Avoidance of reminders of the trauma. Detatchment and emotional blunting coexist with intrusive recollections. This is associated with an inability to experience joy and pleasure, and with a general withdrawal from engagement with life.

A pattern of increased arousal is the third element of PTSD. This is expressed by hypervigilance, irritability, memory and concentration problems, sleep disturbances, and an exaggerated startle response. Hyperarousal causes traumatized people to become easily distressed by unexpected stimuli. Their tendency to be triggered into reliving traumatic memories illustrates how their perceptions become excessively focused on the involuntary seeking out of the similarities between the present and their traumatic past. As a consequence, many neutral experiences become reinterpreted as being associated with the traumatic past."

IS THE MILITARY COPING?

"The vast majority of veterans leave the Services with no ill-effects.

The Ministry of Defence and the four health departments in the UK have together sought to improve the care available. We welcome this and recognise that there have been tangible improvements. Despite such improvements, there is no doubt that some serving personnel, veterans and their families are still being completely failed by the system.


"For those in service, fear for their careers remains a key barrier to seeking help: even if they do, it is unacceptable that the quality of care received is not always up to standard.Furthermore, it is a scandal that in an NHS budget of over £150 billion UK-wide, less than £10 million per annum (0.007%) has been allocated to veteran-specific mental health services.


"Even when specialist care is available, such services are clearly swamped by the scale of demand, leading to some veterans having to wait up to a year for treatment.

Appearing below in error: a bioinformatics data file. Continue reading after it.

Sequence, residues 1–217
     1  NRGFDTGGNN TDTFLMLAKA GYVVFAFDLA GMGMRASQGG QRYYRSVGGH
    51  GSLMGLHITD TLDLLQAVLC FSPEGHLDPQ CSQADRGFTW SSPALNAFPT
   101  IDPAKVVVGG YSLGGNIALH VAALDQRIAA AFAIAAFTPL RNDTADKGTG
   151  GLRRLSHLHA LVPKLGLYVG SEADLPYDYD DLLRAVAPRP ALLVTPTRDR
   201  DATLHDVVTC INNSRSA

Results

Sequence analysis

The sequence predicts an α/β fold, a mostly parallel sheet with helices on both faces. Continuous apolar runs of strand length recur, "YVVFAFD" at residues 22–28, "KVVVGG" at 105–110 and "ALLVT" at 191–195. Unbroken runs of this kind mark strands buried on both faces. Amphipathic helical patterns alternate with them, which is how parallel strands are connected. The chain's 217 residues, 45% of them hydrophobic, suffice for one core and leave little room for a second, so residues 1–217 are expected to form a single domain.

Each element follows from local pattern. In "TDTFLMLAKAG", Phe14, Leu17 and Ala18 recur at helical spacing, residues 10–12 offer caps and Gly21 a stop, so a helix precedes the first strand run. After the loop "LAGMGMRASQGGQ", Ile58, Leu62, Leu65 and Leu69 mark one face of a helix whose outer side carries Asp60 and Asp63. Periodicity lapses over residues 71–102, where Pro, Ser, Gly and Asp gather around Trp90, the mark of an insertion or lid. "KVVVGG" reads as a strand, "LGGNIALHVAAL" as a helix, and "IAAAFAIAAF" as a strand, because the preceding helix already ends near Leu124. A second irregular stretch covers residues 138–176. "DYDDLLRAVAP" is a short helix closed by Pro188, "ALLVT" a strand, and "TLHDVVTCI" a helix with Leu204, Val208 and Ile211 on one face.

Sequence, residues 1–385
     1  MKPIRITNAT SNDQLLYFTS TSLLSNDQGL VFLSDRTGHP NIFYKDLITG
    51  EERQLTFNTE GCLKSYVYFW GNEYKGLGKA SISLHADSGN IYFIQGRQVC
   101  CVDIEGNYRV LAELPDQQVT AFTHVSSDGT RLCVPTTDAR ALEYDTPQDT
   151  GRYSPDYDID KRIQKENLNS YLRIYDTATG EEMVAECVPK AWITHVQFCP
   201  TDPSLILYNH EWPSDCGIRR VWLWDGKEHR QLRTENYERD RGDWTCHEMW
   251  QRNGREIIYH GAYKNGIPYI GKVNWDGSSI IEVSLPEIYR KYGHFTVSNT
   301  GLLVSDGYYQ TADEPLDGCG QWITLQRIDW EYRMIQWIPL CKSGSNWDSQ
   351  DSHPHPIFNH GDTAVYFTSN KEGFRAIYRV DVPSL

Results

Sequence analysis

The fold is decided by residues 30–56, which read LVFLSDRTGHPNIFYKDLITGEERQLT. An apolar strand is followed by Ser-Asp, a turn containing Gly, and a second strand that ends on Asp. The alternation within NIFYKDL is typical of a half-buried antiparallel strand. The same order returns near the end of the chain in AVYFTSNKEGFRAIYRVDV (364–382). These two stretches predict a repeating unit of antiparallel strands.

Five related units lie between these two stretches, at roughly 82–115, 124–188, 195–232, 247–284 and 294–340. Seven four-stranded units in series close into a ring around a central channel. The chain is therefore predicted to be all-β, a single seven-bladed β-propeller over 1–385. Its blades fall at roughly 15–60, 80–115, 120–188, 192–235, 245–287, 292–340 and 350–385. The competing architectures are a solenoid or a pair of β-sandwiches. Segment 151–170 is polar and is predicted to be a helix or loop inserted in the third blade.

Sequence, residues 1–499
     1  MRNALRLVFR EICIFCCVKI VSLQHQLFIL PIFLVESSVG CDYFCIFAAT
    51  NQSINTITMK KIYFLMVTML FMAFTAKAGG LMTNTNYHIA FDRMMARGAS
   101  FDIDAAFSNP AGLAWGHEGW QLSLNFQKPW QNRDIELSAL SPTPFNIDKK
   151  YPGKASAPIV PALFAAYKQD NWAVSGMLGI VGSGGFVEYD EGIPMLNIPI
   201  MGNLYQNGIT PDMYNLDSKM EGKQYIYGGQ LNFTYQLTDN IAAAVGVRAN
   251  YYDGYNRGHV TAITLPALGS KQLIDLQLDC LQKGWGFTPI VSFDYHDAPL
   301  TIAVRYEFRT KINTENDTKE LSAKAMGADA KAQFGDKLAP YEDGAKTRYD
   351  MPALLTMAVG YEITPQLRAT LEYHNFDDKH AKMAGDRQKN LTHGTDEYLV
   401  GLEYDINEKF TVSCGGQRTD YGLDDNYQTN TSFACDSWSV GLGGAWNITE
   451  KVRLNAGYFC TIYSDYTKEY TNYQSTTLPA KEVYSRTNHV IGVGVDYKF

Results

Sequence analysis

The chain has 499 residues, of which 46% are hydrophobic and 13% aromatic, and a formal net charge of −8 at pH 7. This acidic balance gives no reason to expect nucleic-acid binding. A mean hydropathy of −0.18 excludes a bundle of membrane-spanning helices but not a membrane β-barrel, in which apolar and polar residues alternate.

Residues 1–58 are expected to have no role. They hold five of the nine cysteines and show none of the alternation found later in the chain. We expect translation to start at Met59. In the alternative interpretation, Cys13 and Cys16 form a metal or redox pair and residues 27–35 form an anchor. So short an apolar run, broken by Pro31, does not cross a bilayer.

"Many of these veterans see their conditions deteriorate further whilst waiting for access to treatment and, in the most extreme cases, they take their own lives whilst awaiting help.


"It deeply concerning that the MOD is not consistently providing the quality of mental health care to its Service men and women that they deserve."

Already by the two-week point into the two-month journey I was so exhausted and rundown that I developed a chest infection that very nearly compromised my expedition. But with the support of my team, some good medication, and the stability I was able to create once we arrived at Base Camp, I started to recover, and by the end of April I was feeling much stronger. By the middle of May I felt more than ready for the mountain.


We were all experienced mountaineers. We had climbed in the Alps repeatedly, and we had successfully summited Denali together in the summer of 2018 – enduring temperatures well below -20° Celsius and one of the worst storms on the mountain in over a decade.

Furthermore, we were all Royal Marines commandos – meaning that not only had we passed one of the toughest military courses in the world, but also, to have passed this course, we had to demonstrate the utmost courage, determination, selflessness, and cheerfulness in the face of adversity. Which meant that on the mountain, exactly as on the battlefield, we could and would unhesitatingly go to the ends of the world for each other whenever and wherever required.

To have such absolute confidence in the people around you, in such dangerous circumstances, is really exceptional – but this is also precisely the privilege of being a Royal Marines commando. And so we were all ready, as individuals and as a team, having done everything possible to prepare for Everest and its many extremes.  

Joe's story continues in Part 2. Coming soon.

"Waking at 04:00 hours began one of the longest days of my life. Here on the Lhotse Face - a 1,500-meter wall of steep sheer blue ice - the air was desperately thin and even the smallest moves left us gasping, slowing us to a crawl. Time was against us."


part 2. coming soon

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Royal MarINES CHARITY

This article has not been produced in official association with any charity, however the Royal Marines Charity offers one of the best and most comprehensive support networks for Royal Marines suffering with any mental health diagnosis - both serving and retired. If you need help or would like to give support, please click the relevant button below.